I’m not much of a career person. In fact, I would say I’ve stumbled into almost everything I’ve done in life—not entirely by accident, but certainly without very much planning. And that’s more or less how I became involved in making film music together with Can founder Irmin Schmidt. But before I tell that story, I’d first like to say that I was never much of a Can fan. Actually, for most of my life, I felt like I never really “got” it. When it comes to German music from that era, Kraftwerk were always far more appealing to me. I first encountered the whole Can cosmos in the mid-nineties in Cologne when I was involved with Whirlpool Productions and doing mostly house music, which was becoming increasingly poppy. At the time, we only had a MIDI studio and were searching for something more professional to record our album. This is back when labels had money to pay for such things. Anyhow, after a short search, we ended up at the legendary Can studio in Weilerswist outside of Cologne, which was actually an abandoned cinema. This was where the band did almost all their recording and practicing from 1970 until around ’78 or ’79, when they split up and then turned it into a commercial studio run by René Tinner and bassist Holger Czukay. Basically, we fell in love with the studio and ever since I’ve been working with René, Can’s chief roadie and sound tech. Around 2001, René put me in contact with Irmin, who needed a programmer for the film music he was doing. So I went down to the south of France to meet him and his wife, Hildegard, who runs Spoon Records. We just clicked, right on the spot. And since then it’s been Irmin composing, me programming and René mixing.
I always had misconceptions about Can being “hippies” in their attitude towards music, and when I told that to Irmin, he went completely bananas. Can were highly scientific, filled with German efficiency, and insanely hard working. Of course, they had their rockstar fun, but they were absolutely not rock stars in any real sense. Irmin himself is very proud of the fact that he turned away from a career as a composer at the age of thirty after going to New York in the late sixties and seeing the Velvet Underground and the Fluxus people and listening to Hendrix. Irmin chose rock, but as a student of Stockhausen, he could have easily gone off to do big things in the contemporary and classical world. But that broader understanding of music—that’s what I would consider the “scientific” boundaries within which Can improvised, sometimes for days at a time and all of it recorded. They were one of the first rock bands to take the good stuff and edit the rest out. And that’s the context in which I hear the Lost Tapes: three pretty brilliant CDs put together by Irmin after wading through something like fifty hours of tape. In my opinion, almost every single track here measures up to Can’s greatest work—albums like Monster Movie or Tago Mago. And it does a really interesting job of putting songs with original singer Malcom Mooney together with those of Damo Suzuki. But most of all, it just sounds so good. Most of the Lost Tapes are straight up stereo recordings done by Holger Czukay live to stereo while playing the bass, which speaks to the success of their simple approach. “Dead Pigeon Suite”, “Bubble Rap” and especially “Midnight Men” remind me not only why this band was so important but also why the music seduced me as an adult. ~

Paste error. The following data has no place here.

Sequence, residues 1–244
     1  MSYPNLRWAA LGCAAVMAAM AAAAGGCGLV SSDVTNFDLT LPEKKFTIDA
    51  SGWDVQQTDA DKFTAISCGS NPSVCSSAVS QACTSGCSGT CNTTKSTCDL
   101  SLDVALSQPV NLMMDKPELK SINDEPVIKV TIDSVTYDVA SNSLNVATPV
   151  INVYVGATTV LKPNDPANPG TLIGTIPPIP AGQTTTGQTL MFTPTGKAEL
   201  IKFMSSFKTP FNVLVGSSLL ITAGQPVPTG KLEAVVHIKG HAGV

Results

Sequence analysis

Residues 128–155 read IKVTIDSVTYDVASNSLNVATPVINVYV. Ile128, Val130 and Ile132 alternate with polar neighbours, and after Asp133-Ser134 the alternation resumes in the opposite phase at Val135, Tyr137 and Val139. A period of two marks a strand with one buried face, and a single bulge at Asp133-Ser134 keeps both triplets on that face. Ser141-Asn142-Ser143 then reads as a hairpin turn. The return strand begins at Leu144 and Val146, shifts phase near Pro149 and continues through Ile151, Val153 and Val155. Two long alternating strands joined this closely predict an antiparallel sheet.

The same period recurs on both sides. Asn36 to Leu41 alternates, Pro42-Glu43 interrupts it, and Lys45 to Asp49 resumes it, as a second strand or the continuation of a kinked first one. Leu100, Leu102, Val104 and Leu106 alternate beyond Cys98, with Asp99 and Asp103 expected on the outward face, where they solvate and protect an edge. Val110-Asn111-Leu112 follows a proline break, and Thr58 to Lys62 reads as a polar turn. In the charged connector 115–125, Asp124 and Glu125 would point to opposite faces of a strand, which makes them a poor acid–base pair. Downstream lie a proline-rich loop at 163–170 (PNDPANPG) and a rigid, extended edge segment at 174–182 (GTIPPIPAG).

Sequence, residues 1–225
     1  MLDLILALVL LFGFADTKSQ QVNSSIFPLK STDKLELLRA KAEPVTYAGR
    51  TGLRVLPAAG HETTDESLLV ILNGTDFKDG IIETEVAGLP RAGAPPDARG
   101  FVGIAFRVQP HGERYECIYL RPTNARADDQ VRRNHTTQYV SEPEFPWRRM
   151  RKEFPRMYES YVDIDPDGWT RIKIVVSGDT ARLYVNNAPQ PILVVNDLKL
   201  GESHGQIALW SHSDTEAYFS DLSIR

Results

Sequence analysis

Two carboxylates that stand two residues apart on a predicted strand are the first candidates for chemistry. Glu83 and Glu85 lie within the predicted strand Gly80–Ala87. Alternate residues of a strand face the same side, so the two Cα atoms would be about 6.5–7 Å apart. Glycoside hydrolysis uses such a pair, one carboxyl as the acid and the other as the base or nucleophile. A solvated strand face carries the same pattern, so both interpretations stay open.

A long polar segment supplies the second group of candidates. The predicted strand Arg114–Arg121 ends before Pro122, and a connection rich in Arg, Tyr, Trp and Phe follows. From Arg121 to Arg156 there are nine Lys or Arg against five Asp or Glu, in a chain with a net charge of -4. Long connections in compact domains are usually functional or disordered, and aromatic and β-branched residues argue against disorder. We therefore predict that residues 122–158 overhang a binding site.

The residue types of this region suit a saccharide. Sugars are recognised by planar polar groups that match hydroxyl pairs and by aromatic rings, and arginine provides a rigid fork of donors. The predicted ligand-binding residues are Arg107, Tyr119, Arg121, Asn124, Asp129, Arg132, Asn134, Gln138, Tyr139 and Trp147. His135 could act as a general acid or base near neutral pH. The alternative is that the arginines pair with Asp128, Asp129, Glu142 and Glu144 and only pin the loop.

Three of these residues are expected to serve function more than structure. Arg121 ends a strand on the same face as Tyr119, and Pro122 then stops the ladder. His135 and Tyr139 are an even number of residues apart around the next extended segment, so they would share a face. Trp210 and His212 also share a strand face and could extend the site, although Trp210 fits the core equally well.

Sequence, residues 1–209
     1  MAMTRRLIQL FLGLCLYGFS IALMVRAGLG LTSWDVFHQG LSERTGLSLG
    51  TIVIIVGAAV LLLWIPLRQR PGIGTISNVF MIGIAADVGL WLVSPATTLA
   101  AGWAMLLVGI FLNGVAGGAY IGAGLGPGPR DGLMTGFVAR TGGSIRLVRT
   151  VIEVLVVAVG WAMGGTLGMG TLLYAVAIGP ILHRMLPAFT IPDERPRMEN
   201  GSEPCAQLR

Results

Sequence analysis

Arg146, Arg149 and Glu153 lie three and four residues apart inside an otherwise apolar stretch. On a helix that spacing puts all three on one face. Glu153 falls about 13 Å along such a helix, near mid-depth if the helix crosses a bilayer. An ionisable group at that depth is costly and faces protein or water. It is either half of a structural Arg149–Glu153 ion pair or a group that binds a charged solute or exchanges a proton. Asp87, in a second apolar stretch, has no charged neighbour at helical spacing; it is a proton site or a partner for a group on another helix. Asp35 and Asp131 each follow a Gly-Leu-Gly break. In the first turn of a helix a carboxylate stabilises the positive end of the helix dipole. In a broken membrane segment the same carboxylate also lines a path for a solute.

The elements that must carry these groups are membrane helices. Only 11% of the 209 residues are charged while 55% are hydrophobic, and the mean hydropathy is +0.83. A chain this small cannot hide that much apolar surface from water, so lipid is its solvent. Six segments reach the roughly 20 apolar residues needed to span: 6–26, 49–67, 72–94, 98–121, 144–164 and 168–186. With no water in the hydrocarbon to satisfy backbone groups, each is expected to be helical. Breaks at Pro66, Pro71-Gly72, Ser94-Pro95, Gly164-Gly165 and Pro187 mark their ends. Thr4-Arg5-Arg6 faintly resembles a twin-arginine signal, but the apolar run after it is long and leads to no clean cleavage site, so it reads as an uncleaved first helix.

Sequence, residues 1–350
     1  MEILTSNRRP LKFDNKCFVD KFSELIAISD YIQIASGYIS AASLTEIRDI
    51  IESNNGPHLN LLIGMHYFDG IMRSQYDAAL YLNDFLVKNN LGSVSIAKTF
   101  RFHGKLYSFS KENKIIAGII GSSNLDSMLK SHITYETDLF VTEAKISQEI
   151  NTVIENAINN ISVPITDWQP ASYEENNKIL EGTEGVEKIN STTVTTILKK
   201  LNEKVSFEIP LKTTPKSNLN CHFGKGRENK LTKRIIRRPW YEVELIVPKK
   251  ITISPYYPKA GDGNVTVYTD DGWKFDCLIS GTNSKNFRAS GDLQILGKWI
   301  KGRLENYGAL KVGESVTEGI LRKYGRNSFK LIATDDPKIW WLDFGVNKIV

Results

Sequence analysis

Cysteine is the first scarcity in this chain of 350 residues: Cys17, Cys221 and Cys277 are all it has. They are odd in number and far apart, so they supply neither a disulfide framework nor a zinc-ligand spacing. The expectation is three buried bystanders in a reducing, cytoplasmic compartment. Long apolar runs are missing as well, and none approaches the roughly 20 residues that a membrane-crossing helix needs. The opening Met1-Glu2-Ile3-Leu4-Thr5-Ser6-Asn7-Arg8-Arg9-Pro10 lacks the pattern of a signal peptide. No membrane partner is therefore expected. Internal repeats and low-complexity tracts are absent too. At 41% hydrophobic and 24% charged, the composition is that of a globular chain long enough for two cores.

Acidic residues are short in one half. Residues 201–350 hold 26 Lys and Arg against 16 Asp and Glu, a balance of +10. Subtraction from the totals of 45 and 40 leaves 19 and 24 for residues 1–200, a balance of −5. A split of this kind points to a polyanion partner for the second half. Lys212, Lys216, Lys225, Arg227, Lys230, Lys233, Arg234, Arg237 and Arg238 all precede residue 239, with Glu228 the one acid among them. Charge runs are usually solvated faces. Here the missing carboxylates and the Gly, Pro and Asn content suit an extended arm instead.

Justus Köhncke is a producer and DJ based in Berlin. A founding member of house trio Whirlpool Productions, Köhncke currently releases disco and krautrock inspired minimal techno on Cologne’s Kompakt label.